It is found out that this festival is dedicated to the Anant Nag or the Shesh Nag and the belief runs that Anant Nag comforts the protector of the entire existence, Lord Vishnu. Nag Panchami is celebrated on the fifth day of the the Shraavan month. Devotees visit lord Shiva temple on this day and pray to lord Shiva and Lord Shesh Naag. Getting the Lord Shiva puja done on this day has immense benefits.
On the day of Nag Panchami people from Bengal worship Manasa Devi, who is considered as the Goddess of Snakes. But the people from other regions of India worship Lord Shiva on this day. Women draw the images and figures of snake on the walls of their houses. They offer to these images milk, ghee, water and rice. Moreover, farmers do not go to ploughing their fields on this day. This is done so as to prevent from hurting any of the snakes on this day. And it is believed that as a reward for this the snakes will never bite any member of that family. The rituals of not tilling the land on this day of Nag Panchami owes its origin to a legendary story. It is said that on this day a farmer while ploughing his land accidentally killed some young snakes and the mother snake took the revenge by biting and killing the farmer and his family. But the snake did not kill one of his daughter. It was because she worshipped snakes. This act resulted in the revival of the farmer and the other members of his family. Thus, from then onwards farmers take a day off from ploughing their lands on this day.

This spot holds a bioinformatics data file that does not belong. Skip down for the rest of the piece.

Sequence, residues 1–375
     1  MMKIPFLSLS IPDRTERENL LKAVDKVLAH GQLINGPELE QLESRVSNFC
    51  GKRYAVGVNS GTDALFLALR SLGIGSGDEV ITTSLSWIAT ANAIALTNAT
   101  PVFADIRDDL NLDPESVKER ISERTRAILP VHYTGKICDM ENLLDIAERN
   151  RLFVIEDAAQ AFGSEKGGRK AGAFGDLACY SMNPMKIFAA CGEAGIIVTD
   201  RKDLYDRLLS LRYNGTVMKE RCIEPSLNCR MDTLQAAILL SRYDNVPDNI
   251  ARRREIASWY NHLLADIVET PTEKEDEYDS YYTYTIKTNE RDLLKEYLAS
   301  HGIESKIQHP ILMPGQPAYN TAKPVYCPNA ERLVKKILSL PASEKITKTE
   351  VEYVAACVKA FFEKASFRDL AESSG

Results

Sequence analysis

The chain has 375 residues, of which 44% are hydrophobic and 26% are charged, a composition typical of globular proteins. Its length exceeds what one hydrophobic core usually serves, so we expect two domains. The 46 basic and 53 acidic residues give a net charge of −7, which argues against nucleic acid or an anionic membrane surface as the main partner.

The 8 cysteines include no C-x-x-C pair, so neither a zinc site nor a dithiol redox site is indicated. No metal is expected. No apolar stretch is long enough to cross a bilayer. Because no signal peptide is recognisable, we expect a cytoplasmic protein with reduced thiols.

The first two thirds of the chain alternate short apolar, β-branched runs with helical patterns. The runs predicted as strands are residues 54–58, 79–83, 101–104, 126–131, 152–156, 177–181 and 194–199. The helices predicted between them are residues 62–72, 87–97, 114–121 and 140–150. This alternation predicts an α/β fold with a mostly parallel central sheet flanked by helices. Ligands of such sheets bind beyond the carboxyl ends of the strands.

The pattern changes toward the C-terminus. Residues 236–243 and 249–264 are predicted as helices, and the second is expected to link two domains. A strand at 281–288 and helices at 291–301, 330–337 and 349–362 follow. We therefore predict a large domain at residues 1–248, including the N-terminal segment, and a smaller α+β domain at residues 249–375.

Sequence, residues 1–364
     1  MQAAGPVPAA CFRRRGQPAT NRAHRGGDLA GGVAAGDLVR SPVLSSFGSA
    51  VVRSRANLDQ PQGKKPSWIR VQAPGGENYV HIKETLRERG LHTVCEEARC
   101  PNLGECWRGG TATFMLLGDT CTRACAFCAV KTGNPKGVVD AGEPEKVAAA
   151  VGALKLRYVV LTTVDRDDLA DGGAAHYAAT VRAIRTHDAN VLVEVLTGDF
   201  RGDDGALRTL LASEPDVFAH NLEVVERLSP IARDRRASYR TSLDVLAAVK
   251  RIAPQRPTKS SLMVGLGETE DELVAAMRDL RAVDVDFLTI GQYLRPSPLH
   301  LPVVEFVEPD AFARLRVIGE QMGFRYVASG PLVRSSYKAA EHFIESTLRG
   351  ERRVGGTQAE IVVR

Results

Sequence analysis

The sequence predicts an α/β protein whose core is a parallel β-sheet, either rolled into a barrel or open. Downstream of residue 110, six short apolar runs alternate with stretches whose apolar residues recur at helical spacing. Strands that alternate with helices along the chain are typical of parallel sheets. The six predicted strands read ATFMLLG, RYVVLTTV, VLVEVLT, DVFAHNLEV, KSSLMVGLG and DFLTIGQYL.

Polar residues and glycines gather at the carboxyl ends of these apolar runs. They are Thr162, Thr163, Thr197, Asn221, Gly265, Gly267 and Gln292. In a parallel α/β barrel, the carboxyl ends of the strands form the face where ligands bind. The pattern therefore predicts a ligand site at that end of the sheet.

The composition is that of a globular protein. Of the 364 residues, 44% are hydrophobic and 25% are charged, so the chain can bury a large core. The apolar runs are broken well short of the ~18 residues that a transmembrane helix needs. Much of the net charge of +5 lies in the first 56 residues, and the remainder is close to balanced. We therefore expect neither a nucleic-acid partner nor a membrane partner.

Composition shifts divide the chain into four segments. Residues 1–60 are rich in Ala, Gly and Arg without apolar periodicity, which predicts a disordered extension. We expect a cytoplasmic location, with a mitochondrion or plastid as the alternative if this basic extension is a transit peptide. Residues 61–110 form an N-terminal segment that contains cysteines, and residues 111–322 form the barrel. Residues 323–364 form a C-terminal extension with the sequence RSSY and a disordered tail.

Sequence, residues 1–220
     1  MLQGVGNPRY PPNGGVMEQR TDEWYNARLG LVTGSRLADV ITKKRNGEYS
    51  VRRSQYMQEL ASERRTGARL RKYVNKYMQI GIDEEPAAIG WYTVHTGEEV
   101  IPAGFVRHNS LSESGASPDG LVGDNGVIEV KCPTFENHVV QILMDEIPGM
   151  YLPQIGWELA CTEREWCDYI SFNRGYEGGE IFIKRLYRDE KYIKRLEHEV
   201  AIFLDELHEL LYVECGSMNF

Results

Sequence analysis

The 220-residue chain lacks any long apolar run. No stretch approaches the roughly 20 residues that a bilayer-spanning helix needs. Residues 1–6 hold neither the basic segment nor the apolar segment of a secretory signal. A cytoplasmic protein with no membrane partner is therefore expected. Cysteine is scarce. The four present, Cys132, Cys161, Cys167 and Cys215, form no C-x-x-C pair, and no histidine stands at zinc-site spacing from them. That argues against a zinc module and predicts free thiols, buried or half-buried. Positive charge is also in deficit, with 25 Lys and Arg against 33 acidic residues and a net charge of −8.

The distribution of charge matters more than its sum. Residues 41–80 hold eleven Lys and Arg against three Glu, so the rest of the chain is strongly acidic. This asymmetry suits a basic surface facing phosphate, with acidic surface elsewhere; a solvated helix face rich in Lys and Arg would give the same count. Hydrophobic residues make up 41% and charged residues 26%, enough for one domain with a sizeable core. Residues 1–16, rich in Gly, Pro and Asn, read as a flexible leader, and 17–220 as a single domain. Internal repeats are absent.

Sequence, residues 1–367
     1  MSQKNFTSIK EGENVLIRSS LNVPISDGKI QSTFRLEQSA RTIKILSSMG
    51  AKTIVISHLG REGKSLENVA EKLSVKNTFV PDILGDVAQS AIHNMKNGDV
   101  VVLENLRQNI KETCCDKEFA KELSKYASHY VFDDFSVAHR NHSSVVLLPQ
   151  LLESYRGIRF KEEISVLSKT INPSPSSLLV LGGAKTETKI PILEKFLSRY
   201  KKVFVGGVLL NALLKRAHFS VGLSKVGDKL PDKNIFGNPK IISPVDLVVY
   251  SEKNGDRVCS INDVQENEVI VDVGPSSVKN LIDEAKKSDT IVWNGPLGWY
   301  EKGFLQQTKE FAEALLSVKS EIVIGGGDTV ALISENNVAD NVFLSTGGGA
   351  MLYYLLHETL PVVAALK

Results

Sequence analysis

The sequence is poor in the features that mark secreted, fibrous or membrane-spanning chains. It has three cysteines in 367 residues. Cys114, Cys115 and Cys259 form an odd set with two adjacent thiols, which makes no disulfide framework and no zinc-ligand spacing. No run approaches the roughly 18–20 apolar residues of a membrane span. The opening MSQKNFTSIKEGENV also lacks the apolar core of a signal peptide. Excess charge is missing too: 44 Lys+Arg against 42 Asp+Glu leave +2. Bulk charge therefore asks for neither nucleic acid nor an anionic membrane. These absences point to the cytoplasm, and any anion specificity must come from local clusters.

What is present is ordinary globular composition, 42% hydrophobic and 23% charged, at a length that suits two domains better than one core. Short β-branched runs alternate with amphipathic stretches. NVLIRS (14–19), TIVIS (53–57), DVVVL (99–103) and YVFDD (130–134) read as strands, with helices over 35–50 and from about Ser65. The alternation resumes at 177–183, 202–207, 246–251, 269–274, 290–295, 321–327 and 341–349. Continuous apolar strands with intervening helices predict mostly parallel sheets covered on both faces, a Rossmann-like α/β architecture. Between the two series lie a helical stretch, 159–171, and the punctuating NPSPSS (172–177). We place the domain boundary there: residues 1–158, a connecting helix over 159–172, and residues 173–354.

Although Nag Panchami is celebrated all over the country, the main concentration of this celebration is seen in Maharashtra and West Bengal. On this day the snake charmers also roam about in the streets and the people offer milk to the snakes. Moreover, people visit the snake temples on this day and worship the stone or metallic icons of the snake. Devotees also make offerings of sweets and milk to the snakes. People wish for the wellbeing and prosperity of their own and their family members on this day.
In South India, on Nag Panchami married women and girls wake up early and take bath and reach the nearest Ant Hill or Snakes home to offer puja. They offer milk to the snake God and pray for the prosperity of their family members and especially brothers. And in the absence of an Ant Hill devotees offer this puja in the snake temples. For Prasad they use a portion of the milk taken for puja, which they bring back home after taking blessings of the Snake God. Also women in South India invite their brothers to their home and perform Aarti praying for their well being and prosperity. Moreover, gifts are being exchanged on this occasion. Nag Panchami is thus observed in different regions of the country in different ways but the motive remains the same, showing devotion to the Snake God.